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Mucinex enters allergy market

BY Michael Johnsen

PARSIPPANY, N.J. — Reckitt Benckiser recently line-extended its Mucinex franchise into the year-round allergy sector with Mucinex Allergy. “More than 75% of Mucinex users also take an allergy treatment,” said Heather Allen, Reckitt Benckiser EVP category development. Mucinex Allergy is formulated with fexofenadine hydrochloride, the generic equivalent to Allegra, a $200 million brand.

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Clear Eyes ranked leading allergy remedy

BY Michael Johnsen

TARRYTOWN, N.Y. — It was one year ago that Prestige Brands announced Vanessa Williams would headline its Clear Eyes brand. And in the past year, the Clear Eyes franchise has grown 5.3% to $51.4 million for the 52 weeks ended April 20 across total U.S. multi-outlets, according to IRI. That ranks Clear Eyes No. 10 on a list of leading allergy remedies.

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Climate changes to exacerbate suffering

BY Michael Johnsen

The U.S. Global Research Program in May issued an 800-page National Climate Assessment report that does not bode well for the more than 50 million Americans with allergies and asthma — their already terrible symptoms are about to get worse.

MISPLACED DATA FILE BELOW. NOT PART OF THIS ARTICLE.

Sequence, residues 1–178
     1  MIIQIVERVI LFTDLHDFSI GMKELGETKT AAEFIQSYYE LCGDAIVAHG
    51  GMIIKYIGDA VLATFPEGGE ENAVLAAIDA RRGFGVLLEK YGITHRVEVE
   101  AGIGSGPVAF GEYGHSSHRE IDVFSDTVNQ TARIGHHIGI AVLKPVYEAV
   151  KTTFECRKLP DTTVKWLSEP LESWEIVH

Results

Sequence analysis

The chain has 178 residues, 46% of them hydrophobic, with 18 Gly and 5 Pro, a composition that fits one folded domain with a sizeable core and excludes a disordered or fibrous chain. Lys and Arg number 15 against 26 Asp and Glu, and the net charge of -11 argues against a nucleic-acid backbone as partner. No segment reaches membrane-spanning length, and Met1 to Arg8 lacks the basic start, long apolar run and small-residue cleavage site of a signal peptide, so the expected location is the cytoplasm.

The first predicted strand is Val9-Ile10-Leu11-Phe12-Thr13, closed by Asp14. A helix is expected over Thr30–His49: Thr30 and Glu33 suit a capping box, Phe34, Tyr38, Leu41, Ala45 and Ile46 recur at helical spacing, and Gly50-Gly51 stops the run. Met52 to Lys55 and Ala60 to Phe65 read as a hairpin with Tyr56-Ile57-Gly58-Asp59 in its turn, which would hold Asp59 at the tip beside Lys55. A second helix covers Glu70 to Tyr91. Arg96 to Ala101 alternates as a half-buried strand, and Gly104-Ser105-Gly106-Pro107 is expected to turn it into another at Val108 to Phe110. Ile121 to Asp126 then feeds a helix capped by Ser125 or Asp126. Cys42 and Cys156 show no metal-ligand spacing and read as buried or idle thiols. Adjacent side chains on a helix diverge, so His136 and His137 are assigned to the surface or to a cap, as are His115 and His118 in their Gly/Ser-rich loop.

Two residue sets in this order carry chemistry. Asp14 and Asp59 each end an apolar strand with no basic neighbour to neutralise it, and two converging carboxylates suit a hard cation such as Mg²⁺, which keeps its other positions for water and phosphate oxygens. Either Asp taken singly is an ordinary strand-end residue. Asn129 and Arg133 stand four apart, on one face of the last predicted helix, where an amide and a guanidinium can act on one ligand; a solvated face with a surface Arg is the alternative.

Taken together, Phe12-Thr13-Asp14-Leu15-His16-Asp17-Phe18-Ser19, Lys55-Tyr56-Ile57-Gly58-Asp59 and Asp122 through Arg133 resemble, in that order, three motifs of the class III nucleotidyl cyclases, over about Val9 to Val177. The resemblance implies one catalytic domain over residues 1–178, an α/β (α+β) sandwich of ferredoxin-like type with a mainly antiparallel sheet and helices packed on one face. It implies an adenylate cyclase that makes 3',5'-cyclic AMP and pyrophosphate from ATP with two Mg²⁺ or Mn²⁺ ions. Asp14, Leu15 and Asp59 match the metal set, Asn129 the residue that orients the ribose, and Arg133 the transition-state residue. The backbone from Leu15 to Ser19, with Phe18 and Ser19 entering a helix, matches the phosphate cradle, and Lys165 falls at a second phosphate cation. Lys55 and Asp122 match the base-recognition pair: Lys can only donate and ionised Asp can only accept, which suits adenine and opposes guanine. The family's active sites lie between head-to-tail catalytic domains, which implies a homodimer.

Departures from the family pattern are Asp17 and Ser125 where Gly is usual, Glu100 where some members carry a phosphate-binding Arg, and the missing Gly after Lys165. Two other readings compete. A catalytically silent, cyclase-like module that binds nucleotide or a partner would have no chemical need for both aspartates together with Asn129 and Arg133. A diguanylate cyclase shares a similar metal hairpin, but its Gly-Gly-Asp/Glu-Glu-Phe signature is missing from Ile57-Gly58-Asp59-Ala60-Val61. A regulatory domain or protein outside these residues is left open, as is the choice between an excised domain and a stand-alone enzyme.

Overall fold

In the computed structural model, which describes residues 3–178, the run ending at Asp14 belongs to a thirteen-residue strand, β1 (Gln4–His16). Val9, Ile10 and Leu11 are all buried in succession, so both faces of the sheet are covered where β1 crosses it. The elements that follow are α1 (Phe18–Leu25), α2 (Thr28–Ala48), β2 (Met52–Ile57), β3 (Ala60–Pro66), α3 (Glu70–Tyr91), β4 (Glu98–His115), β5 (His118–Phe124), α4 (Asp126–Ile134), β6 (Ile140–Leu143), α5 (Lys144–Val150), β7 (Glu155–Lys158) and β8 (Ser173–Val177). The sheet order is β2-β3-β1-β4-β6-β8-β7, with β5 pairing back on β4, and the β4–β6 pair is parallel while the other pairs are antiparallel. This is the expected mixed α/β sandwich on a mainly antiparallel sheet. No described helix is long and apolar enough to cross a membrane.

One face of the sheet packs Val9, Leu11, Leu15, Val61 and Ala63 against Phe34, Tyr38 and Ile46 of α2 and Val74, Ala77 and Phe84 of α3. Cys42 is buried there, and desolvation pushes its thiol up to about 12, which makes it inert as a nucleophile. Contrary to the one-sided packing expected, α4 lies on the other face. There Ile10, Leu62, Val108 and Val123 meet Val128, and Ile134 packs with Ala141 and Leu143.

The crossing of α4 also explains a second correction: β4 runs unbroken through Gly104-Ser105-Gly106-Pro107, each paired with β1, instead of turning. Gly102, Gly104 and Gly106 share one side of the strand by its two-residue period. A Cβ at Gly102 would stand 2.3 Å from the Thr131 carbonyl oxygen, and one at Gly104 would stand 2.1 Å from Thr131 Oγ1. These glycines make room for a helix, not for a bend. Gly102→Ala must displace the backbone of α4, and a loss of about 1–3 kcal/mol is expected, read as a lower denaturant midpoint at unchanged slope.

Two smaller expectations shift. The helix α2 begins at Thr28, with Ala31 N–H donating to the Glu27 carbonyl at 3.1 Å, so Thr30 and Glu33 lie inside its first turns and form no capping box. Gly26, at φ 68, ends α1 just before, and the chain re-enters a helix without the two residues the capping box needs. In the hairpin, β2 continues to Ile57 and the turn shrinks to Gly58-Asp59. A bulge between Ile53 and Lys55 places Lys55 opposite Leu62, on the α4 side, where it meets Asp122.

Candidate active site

(For the full category review, including sales data, click here.)

According to the American College of Allergy, Asthma and Immunology, such extreme climate changes as temperature increases, wildfires and superstorms can wreak havoc among allergy and asthma sufferers. Here’s how:

  • Length of the growing season. Warmer temperatures will lead to longer growing seasons — a good thing for farmers and gardeners, but it could mean increased misery for allergy sufferers because it escalates the time pollen and mold are present.
  • Erratic weather. If weather fluctuates greatly between warm and cold spells, it can result in more intense periods of pollen release during warm temperatures when plants take the cue to grow and release pollen. Once allergy sufferers are exposed to pollen, their immune system is primed to react to the allergens, meaning there will be little relief even if temperatures cool down.
  • Rainfall. Rain can be either a good thing or a bad thing for allergy sufferers, depending on when it happens. The worst allergy seasons are often preceded by rainfall, which promotes rapid plant growth later on. But rain can also provide a much-needed respite for those with allergies, as a heavy rainfall can help clear the air of pollen.
  • Wind. Dry and windy weather is not kind to people with allergies, as the wind spreads pollen and mold.

“Allergy and asthma can strike at any age. Even those who have never had symptoms can suddenly develop the conditions, especially as these climate changes continue,” said allergist Clifford Bassett, ACAAI fellow.

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